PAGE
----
Letta has signaled a change in course from the technocratic, non-partisan government in place before the elections. He has apologized to the youth of the country for his economy's failure to produce jobs for them, and has promised to reverse the austerity policy which has been largely imposed on Italy as the price to fund its debts. The challenge for Letta will be to make good on those promises, though he seems to have the international political momentum on his side. Though his government could fall (if he loses the support of the center-right), his party could gain ground.
Arms to Syria
It's hardly a positive development that the US is providing arms to the Syrian rebels; more guns would not seem to be the prescription for a nation in the middle of a bloody civil war. Further, the reasons for the US' change in policy are all bad news: after extensive study, the administration made a determination that chemical weapons had been used against rebel areas by the Bashar government, and the purpose of the change is to prevent the rebels' complete destruction. The entry into the fighting of the Hezbollah, the Lebanese Shiite faction, has reinvigorated the Syrian government's military, and it has been retaking hard-won rebel territory.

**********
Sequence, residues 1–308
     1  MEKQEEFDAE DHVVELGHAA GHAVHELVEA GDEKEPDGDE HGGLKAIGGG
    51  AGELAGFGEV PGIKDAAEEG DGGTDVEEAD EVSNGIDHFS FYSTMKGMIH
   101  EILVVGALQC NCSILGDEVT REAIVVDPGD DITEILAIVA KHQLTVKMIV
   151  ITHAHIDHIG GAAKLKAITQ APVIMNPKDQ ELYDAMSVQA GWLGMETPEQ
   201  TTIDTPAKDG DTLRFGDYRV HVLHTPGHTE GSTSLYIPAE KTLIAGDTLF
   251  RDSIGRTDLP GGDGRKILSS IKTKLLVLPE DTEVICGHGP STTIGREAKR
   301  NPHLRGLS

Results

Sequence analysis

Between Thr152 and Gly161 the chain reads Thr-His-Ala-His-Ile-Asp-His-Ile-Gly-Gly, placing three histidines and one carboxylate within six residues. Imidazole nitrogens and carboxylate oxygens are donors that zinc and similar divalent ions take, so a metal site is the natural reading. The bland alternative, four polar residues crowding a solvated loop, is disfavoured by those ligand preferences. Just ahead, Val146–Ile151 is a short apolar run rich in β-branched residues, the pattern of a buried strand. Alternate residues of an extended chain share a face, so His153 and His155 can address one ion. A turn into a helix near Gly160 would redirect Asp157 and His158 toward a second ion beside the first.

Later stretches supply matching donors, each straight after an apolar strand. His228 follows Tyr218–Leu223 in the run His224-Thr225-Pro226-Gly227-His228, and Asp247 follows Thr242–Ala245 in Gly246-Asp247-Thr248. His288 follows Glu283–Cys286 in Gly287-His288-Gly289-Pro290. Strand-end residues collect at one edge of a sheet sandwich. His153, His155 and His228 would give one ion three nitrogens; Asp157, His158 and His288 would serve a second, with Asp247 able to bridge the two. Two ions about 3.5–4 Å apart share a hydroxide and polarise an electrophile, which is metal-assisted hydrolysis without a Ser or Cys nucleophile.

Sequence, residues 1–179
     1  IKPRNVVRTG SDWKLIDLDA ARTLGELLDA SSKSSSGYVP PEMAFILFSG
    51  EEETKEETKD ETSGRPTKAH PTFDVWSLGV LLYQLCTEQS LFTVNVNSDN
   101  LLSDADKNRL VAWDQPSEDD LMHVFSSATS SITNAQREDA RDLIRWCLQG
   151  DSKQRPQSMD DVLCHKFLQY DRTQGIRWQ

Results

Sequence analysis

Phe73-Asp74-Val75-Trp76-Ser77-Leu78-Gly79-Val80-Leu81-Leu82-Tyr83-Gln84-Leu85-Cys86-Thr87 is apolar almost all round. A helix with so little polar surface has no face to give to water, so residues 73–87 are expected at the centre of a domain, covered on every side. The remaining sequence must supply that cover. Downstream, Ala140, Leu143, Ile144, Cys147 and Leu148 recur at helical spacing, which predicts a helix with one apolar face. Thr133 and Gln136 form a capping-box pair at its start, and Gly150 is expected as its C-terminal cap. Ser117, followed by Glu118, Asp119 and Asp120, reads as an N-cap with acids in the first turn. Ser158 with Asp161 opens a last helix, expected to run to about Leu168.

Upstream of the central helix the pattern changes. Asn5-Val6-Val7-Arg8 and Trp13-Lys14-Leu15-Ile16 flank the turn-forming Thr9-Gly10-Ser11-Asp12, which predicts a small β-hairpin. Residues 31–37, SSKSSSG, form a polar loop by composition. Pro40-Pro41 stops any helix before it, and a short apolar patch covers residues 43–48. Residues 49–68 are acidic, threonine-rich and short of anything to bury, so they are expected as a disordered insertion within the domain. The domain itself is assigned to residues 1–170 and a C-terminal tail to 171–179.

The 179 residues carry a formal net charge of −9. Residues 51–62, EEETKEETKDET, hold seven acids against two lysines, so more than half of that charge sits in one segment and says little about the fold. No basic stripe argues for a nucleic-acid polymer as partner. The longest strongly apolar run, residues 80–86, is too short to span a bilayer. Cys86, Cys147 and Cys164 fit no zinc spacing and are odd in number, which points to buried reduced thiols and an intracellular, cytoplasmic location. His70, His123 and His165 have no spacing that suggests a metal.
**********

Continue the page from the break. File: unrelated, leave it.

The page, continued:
Still, the direct entry of US involvement could be a game-changer; we will give the rebels anti-tank weapons, a key request they have made (anti-aircraft weapons, though, would be too risky to give to the rebels, with their Islamic fundamentalist allies). The objective is to force the Syrian regime to the negotiating table, something it has not been willing to do as long as it felt it would ultimately win the war. So, the paradoxical aim of providing more arms is to bring the blood-letting to an end.